In March of 2019 Rebecka was invited to Florence by the Global Partnership to End Violence against Children. The Executive Committee of the Global Partnership had tasked a Working Group, chaired by UNICEF and the Special Representative of the Secretary-General on Violence against Children. Rebecka’s role was to share perspectives and focus discussion on what type of knowledge is needed to select, adapt and expand/scale up activities to prevent and respond to violence against children globally.
UNICEF, also known as the United Nations International Children’s Emergency Fund, is a United Nations agency responsible for providing humanitarian and developmental aid to children worldwide. It is known around the world as Innocenti.
Just a word about being allowed to travel with Rebecka as her expertise is requested at these international meetings and conferences. When we met in 1983 Rebecka was a community organizer in National City, California working to empower the Latino community. She had a bachelors in anthropology, with dreams of working in public health some day. And as the old cigarette ads read:
Rebecka had traveled ahead and I would meet her in Florence. I flew through New Jersey and spotted this young traveler who pretty well sums up how many of us feel at this point in the pandemic.
Our Stay-cation in Florence. Rebecka plans two varieties of vacation trips: busy road trips to see the sights in a country we are both unfamiliar with such as Scotland, or the second type where we embed ourselves in the middle of a walkable city she knows well. Florence was one of our nesting vacation where we would just settle in for a while and experience a place, more like residents and not just as tourists. Rebecka chose a hotel in the heart of Florence which offered just such an opportunity, the Hotel Palazzo Guadagni.
It was old and as you walked the stairs you felt the presence of countless folks who had made this ascent.
Our room was at the top, under ancient roof timbers.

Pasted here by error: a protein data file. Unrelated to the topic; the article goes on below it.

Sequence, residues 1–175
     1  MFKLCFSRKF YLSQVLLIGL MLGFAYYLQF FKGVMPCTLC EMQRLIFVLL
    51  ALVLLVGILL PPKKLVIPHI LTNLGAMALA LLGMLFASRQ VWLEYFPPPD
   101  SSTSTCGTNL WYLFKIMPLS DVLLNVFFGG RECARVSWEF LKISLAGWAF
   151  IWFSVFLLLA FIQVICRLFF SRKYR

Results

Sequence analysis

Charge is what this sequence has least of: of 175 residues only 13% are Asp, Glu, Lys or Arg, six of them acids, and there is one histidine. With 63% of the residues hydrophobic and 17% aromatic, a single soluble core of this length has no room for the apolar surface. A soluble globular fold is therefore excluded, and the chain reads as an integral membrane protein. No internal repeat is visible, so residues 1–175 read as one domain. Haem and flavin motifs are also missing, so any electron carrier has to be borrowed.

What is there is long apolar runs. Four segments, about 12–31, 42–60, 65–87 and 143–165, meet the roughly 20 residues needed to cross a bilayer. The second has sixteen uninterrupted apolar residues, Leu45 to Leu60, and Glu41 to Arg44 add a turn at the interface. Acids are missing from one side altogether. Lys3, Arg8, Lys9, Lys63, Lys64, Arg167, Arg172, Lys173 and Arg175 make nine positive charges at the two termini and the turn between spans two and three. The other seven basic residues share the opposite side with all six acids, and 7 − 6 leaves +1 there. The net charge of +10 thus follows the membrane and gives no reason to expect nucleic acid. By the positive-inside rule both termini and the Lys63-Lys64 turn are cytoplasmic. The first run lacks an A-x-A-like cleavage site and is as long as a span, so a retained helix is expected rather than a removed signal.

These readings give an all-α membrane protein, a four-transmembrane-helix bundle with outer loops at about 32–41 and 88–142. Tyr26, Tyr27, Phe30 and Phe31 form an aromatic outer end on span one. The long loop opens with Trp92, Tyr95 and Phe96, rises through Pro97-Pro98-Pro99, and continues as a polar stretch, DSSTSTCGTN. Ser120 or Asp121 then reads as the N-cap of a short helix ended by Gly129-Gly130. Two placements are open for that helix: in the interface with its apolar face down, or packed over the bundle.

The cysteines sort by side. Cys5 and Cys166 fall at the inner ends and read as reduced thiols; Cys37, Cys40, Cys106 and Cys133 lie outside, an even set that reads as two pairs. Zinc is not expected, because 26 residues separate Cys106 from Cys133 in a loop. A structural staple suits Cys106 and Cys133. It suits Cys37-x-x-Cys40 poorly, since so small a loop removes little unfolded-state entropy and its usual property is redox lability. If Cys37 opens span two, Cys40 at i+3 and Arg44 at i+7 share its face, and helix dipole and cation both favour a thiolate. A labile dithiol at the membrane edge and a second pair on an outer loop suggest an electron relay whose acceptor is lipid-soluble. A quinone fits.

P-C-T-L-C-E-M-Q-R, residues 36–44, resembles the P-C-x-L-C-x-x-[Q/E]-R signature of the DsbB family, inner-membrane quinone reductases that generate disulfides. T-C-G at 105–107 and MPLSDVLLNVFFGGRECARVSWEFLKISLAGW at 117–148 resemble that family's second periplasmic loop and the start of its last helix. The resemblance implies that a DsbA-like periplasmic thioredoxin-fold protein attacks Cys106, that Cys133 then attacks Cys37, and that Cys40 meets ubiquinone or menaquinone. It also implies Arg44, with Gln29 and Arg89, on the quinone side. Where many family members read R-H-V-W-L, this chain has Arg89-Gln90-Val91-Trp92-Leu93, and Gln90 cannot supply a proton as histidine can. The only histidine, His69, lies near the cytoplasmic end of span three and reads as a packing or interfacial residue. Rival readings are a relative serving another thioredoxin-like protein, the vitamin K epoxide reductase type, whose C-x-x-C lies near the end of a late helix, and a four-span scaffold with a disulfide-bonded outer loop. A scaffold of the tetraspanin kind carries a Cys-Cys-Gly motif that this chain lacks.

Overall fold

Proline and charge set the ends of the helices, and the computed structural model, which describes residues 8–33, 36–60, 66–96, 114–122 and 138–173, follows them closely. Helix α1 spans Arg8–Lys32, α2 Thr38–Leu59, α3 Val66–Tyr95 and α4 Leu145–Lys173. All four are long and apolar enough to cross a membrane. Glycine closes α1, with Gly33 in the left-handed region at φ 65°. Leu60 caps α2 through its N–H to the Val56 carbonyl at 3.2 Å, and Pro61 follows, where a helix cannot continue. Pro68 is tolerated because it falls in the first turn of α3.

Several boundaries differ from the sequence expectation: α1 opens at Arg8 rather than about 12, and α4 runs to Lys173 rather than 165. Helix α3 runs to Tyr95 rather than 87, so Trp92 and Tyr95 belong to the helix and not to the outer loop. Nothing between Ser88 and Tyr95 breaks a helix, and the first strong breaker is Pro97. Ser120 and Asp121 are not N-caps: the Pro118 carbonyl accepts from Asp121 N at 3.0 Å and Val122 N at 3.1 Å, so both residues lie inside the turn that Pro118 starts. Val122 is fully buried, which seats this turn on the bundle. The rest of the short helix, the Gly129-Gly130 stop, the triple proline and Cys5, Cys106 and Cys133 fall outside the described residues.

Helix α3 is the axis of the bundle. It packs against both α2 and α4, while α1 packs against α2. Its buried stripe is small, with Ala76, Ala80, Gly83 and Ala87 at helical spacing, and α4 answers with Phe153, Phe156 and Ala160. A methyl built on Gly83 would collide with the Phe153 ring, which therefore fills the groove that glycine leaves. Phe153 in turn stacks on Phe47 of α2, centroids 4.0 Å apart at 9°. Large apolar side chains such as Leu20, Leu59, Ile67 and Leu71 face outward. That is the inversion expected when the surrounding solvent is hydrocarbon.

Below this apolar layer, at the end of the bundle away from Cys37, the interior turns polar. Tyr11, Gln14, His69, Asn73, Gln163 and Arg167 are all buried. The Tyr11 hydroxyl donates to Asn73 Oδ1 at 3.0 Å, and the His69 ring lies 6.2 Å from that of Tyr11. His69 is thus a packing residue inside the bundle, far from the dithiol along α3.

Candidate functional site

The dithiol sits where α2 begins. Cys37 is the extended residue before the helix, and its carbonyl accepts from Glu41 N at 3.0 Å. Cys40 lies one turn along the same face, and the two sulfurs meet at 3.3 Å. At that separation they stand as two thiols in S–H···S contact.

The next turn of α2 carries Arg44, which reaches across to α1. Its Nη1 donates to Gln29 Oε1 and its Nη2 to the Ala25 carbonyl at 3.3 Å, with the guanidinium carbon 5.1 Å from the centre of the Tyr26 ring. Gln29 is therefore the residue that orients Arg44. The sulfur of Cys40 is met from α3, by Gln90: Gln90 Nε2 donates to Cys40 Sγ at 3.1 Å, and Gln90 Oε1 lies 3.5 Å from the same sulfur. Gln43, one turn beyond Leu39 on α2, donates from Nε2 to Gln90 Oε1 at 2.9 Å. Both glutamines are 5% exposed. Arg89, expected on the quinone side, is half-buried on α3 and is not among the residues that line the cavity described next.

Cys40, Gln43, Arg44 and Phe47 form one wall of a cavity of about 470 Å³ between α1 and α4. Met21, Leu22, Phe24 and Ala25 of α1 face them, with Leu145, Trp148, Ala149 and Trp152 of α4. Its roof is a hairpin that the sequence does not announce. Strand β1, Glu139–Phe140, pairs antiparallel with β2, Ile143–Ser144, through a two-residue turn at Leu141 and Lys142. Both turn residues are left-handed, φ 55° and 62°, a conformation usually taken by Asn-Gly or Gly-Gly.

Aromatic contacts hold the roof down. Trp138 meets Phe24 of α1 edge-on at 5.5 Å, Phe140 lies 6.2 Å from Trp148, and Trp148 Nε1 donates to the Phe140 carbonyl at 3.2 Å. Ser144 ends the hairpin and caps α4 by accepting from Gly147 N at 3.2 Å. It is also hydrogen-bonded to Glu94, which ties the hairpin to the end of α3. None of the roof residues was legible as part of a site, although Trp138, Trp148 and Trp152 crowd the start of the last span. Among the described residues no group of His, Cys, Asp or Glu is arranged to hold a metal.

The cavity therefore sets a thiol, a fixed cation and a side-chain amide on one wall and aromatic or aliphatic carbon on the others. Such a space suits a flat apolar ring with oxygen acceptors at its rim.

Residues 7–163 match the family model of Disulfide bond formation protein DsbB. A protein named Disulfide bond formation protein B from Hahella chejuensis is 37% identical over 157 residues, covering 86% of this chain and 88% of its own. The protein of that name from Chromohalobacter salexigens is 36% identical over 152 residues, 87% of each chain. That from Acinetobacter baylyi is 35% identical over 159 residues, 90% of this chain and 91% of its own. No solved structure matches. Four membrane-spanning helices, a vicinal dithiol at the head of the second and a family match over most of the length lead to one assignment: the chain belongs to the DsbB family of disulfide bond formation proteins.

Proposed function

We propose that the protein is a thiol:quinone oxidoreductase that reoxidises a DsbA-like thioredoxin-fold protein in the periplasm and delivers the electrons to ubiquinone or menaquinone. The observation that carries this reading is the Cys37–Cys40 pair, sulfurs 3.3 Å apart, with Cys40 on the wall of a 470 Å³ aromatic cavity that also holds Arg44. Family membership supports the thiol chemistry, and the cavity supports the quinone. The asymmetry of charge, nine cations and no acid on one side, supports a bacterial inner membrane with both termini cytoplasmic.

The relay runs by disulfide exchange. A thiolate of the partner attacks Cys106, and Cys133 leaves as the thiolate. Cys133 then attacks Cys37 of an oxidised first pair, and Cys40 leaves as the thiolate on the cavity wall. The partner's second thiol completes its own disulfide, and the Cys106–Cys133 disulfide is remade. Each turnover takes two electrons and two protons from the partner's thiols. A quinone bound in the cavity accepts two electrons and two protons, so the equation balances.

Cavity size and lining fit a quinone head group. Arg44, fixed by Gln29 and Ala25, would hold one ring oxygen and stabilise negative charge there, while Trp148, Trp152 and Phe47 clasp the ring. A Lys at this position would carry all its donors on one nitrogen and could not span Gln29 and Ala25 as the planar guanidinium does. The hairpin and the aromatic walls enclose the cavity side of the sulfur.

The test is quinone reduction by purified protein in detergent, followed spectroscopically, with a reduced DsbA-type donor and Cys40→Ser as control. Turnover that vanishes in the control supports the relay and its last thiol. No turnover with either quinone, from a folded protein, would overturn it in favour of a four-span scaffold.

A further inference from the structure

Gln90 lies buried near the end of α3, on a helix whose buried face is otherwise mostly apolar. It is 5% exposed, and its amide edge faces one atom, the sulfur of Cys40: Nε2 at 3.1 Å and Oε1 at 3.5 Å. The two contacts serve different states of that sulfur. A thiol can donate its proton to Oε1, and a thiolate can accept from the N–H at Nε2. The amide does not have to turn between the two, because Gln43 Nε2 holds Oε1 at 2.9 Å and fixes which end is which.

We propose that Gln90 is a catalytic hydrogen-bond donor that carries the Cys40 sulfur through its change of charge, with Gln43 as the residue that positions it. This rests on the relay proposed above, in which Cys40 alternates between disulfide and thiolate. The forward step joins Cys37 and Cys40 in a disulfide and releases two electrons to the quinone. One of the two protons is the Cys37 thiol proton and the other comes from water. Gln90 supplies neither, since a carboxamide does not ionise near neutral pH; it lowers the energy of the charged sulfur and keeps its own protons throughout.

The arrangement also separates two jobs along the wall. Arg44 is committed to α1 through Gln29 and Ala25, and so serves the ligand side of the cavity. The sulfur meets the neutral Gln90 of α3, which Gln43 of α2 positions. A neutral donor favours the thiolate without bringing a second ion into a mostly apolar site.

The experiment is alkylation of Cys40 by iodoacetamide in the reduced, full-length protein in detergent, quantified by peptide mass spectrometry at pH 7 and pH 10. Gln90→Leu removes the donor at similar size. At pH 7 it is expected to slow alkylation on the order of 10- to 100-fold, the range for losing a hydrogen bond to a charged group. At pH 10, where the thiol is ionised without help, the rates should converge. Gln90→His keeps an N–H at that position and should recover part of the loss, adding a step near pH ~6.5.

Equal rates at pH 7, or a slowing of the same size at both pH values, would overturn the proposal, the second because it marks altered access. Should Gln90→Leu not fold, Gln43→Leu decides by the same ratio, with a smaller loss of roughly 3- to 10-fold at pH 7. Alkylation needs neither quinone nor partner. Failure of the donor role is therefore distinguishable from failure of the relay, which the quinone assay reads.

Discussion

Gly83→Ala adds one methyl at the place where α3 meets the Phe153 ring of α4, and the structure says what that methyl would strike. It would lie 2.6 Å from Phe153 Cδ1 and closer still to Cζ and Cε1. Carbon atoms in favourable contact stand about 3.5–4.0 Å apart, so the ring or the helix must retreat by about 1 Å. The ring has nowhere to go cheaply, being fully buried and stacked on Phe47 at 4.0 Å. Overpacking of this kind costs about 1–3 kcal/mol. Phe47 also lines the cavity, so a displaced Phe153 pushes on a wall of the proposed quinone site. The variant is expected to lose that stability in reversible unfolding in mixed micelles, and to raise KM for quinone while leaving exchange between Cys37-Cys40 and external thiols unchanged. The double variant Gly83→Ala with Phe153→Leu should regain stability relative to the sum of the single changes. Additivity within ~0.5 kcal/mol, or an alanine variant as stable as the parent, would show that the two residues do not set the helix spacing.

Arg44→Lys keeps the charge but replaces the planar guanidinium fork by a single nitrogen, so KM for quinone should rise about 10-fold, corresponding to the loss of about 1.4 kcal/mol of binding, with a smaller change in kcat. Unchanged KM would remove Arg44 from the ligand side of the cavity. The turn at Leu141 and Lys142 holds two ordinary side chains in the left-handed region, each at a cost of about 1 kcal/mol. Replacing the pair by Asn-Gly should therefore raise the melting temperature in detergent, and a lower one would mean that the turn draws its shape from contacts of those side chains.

And the view from the window probably hadn’t changed in 100 years.
One of the charming things about traveling with Rebecka is that while she can be a whiz with a map, she loses her sense of direction in the places we stay. Whether it is an English manor houses or here in Florence, finding our room or the way out is a constant guessing game for her. I asked her once about this and she replied, “I have been bumbling my way around places my whole life. I’m used to it.” We had gone down these hotel stairs a dozen time and I had watched Rebecka try and find her way out, making the same mistake time after time, so I decided to capture it for posterity. She is as patient with herself as the GPS intoning, “Recalculating.” Wait for it!
From the hotel balcony we could see the Borgo Santo Spirito market.
As you stepped out the front door we walked right into a lovely part of Italian life, the local market.
We ventured out of the neighborhood in search of the Arno River and the Bridge of Gold: Ponte Vecchio
At times the path got a little confusing.
The Ponte Vecchio – literally the “Old Bridge” – has been a fixture of Florence’s ancient streets since the 13th century. When it was built it served as the first bridge across the Arno, and since then has endured hundreds of years and numerous wars. After World War II it was once again the only bridge in Florence. (Text credit: Italy Perfect)
And, of course, Rebecka couldn’t introduce me to Florence without a visit to the Uffizi Galleries and one of my favorite parts of visiting museums is watching Rebecka slip into quiet contemplation.
I am a people watcher and I am intrigued on how galleries seem to lend themselves to intriguing still life moments.
For me, enjoying a painting is searching for some evidence of the human that painted it, a hair, a fingerprint, an odd brush stroke, and at the Uffizi there was a wonderful example of an artist’s change of direction. This painting was displayed in a way you could see the finish painting, and a project that had been abandoned on the back..
From the gallery window I saw something I had to capture for Iliana who had been coxswain for Georgetown University crew.
For the best view of Florence Rebecka led me up the hill to the Gate of San Niccolò
On the way back to the hotel we were drawn into a chapel by the sound of a choir practicing.
After a few days we headed for the Santa Maria Novella (SMN) Train Station, next stop, Venice!